We hope you enjoyed today's Clubland Q&A. If you missed the live broadcast, the action replay will be posted here later this evening.
Meanwhile, here comes Part Five of my serialization of The Thirty-Nine Steps, written in 1915 by John Buchan, very quickly, while convalescing from a duodenal ulcer, and never out of print in the century since. It is, as I said in my introduction, an absolute corker - although on that score Andrew Jones, a first-week Founding Member from Queensland, begs to differ:
I prefer the term 'smackin' to corker but am always prepared to agree to disagree. It's the kind of fence-sitter I am...
Mr Jones adds:
For me 'To Build a Fire' was a very powerful piece indeed. I could truly feel for the characters, man and beast. Thank you Mr Steyn. All neck-bolt snapping displays are forgiven.
The neck-bolt-snapping is, I believe, a reference to this, not to Mrs Shelley's Frankenstein monster. "To Build a Fire" , by Jack London, is one of the greatest short stories ever written, and was a joy to read. It's certainly our most primal tale to date - just a man, a dog, and the elements. The Thirty-Nine Steps is in a certain sense more urbane yet just as raw: it's about the civilized world as a veneer, below whose surface all the darker currents seethe - even when, as in tonight's episode, those darker forces are aided by the newest technology:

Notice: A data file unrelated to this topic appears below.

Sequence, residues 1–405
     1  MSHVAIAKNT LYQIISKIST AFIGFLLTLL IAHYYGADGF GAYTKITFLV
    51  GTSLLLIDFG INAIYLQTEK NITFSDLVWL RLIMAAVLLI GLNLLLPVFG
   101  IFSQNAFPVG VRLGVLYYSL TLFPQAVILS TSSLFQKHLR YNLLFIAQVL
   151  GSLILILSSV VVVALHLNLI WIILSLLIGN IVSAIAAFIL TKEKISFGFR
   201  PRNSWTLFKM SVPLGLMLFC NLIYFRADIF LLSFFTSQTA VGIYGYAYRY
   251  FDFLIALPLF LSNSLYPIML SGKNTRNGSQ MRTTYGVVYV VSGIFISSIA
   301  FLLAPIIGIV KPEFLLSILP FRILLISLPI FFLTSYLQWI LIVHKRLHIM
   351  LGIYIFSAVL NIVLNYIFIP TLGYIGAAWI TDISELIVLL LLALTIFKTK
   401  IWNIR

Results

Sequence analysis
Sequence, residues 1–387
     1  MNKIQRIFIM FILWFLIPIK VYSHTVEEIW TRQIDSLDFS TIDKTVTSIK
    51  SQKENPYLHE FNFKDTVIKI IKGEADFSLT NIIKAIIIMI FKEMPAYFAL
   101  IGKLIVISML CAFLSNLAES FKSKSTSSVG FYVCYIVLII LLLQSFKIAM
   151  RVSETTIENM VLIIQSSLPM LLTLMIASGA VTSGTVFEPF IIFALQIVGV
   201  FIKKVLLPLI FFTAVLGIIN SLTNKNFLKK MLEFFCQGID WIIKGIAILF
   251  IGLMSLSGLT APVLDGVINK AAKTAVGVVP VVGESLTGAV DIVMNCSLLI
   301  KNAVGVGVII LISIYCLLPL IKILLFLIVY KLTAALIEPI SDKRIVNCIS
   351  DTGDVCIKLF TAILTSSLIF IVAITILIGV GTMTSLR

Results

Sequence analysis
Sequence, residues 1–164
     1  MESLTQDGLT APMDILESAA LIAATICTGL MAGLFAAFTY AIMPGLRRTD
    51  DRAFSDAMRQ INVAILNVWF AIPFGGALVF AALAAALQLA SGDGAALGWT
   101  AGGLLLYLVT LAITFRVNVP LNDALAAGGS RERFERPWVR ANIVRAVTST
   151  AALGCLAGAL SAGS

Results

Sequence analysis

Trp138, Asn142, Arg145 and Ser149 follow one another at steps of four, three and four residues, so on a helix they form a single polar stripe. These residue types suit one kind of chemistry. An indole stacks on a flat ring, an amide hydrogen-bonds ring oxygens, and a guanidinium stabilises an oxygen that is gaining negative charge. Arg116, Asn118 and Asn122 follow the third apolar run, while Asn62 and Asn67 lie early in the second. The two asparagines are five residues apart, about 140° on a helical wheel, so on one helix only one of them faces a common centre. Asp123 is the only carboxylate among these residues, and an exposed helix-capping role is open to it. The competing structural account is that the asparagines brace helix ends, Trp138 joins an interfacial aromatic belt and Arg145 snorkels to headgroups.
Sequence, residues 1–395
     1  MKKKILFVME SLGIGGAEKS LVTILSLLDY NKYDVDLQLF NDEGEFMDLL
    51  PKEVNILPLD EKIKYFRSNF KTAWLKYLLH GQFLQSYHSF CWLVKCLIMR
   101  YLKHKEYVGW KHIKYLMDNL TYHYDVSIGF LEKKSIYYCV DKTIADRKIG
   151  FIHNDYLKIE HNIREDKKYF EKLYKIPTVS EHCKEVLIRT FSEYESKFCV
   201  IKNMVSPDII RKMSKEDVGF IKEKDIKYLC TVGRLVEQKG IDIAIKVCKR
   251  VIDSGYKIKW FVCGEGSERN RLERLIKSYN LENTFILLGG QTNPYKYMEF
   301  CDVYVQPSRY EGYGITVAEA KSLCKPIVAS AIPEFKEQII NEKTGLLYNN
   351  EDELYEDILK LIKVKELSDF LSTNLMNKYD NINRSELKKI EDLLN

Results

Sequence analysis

It was now about seven o'clock, and as I waited I heard once again that ominous beat in the air. Then I realized that my vantage-ground might be in reality a trap. There was no cover for a tomtit in those bald green places.
I sat quite still and hopeless while the beat grew louder. Then I saw an aeroplane coming up from the east. It was flying high, but as I looked it dropped several hundred feet and began to circle round the knot of hill in narrowing circles, just as a hawk wheels before it pounces. Now it was flying very low, and now the observer on board caught sight of me. I could see one of the two occupants examining me through glasses.
If you follow our Saturday movie dates, you'll know that Hitchcock, after directing The Thirty-Nine Steps, tucked away that scenario and revived it in North by Northwest. Members of The Mark Steyn Club can hear Part Five of our adventure simply by clicking here and logging-in. Earlier episodes of The Thirty-Nine Steps can be found here, and previous Tales for Our Time here.
For more on The Mark Steyn Club, please see here. If you've a chum who enjoys classic fiction, we've introduced a special Mark Steyn Gift Membership that lets you sign up a chum for the Steyn Club and then choose a personally autographed welcome gift for them - either a book or CD. You'll find more details here - and scroll down to the foot of the order form for the choice of books/CDs.
See you for Part Six of The Thirty-Nine Steps tomorrow.